You’re in the newsstand browsing for a title, something that truly interests you and speaks to your heart and soul. Yet you hesitate even picking it up in case someone might see. Is it the guilty pleasure of Hollywood gossip rags that give you pause, or something much deeper?
Plus magazine editor-in-chief Diane Anderson-Minshall gets it. And that’s why the recent rebrand of their publication is such a very good thing for readers.
Anderson-Minshall recently spoke to Samir “Mr. Magazine” Husni about the decision to change the title of their magazine from HIV Plus to simply Plus. In the interview she notes it was about better serving their readers.
“Although we live in the 21st century and in an era of natural enlightenment overall; unfortunately, there is still a stigma attached to the three letters HIV virus and the implications and stereotypes that may follow,” Anderson-Minshall notes.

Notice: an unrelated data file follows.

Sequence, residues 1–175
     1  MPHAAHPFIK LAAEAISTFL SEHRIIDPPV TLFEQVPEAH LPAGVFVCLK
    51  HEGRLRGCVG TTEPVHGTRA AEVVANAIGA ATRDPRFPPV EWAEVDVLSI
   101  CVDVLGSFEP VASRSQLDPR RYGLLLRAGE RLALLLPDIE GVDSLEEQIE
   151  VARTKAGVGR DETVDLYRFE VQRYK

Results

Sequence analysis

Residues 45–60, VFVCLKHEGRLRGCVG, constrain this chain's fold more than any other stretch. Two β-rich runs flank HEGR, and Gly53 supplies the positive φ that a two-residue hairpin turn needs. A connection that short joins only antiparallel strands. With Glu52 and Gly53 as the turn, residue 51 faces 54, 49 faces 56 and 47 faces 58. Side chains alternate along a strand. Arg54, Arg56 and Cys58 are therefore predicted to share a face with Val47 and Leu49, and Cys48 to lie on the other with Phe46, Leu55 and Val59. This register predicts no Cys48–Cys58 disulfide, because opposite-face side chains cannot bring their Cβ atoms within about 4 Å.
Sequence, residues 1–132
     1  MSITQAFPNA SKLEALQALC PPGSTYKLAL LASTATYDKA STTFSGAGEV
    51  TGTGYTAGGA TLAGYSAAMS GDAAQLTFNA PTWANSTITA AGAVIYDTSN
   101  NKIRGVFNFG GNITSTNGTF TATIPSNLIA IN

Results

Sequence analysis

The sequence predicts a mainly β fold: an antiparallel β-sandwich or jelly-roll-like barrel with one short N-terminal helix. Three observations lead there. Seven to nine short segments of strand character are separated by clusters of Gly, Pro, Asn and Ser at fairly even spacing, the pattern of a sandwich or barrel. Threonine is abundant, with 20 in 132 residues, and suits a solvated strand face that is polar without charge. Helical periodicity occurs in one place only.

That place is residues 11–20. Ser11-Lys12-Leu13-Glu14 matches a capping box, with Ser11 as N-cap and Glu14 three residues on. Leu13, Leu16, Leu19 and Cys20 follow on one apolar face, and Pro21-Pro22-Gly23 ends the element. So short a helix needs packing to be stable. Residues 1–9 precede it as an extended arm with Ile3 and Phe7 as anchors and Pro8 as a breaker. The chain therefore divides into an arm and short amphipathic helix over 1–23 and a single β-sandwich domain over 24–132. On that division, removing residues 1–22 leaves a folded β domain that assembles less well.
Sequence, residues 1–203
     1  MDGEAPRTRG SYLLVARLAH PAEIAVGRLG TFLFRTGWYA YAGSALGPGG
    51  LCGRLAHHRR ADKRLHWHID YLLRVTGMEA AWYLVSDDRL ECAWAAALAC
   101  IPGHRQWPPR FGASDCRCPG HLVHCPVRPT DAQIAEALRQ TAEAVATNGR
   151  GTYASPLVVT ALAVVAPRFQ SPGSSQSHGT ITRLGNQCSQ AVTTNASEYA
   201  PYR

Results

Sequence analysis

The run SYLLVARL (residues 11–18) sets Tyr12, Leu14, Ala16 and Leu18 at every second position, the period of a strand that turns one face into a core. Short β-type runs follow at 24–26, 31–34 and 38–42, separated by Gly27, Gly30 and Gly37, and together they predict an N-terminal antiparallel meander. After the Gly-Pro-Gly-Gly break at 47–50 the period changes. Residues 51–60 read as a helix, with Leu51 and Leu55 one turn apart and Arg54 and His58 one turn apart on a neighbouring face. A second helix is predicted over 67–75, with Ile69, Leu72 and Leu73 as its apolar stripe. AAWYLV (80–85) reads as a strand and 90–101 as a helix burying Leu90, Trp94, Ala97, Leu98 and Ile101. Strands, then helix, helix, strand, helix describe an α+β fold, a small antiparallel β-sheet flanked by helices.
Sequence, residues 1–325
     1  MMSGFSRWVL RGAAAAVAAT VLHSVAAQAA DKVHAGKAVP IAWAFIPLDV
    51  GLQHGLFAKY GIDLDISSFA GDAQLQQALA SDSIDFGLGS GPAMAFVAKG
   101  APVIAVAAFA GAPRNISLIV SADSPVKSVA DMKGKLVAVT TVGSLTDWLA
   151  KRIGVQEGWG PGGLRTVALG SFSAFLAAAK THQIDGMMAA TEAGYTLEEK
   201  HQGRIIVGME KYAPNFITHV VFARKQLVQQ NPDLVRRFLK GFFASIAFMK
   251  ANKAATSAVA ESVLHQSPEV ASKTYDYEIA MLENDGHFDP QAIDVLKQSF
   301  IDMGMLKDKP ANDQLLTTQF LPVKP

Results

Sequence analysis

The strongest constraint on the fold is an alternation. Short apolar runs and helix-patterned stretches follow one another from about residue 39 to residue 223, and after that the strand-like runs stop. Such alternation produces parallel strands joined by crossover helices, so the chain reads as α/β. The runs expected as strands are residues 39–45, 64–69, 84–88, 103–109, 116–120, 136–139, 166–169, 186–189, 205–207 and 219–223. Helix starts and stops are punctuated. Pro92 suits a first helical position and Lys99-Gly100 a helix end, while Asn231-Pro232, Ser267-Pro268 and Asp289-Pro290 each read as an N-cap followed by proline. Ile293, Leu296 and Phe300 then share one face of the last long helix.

“That’s why the powers-that-be at HIV Plus magazine decided that their message of care and concern for people who suffer from HIV and all chronic, medically-managed illnesses would be better served to rebrand without those three letters. Hence, Plus magazine was born with the intent of opening up a whole new conversation with people who felt uncomfortable picking up the magazine when it was known as HIV Plus.”
“The bottom line is we’re recognizing that our readers have HIV, which is a chronic manageable condition and it’s not a definer of their lives, so we have to recognize that they need more out of a magazine than just treatment information. They’re looking for a whole magazine for the whole totality of their lives,” she continues.
The result is a magazine that embraces the trend toward lifestyle publications while still very cognizant of the needs and issues of its primary audience.
As to the decision to publish in print, ““Print is not dead for us; it’s thrilling. Of course, I hear it in other magazines and it scares me to death because I’m such an old print horse that I never want it to go away. And so it’s really exciting for me to be at a magazine where there’s never talk of not doing print anymore. Yes, it’s doing well.”
We wish them all the best with their rebrand. Good stuff.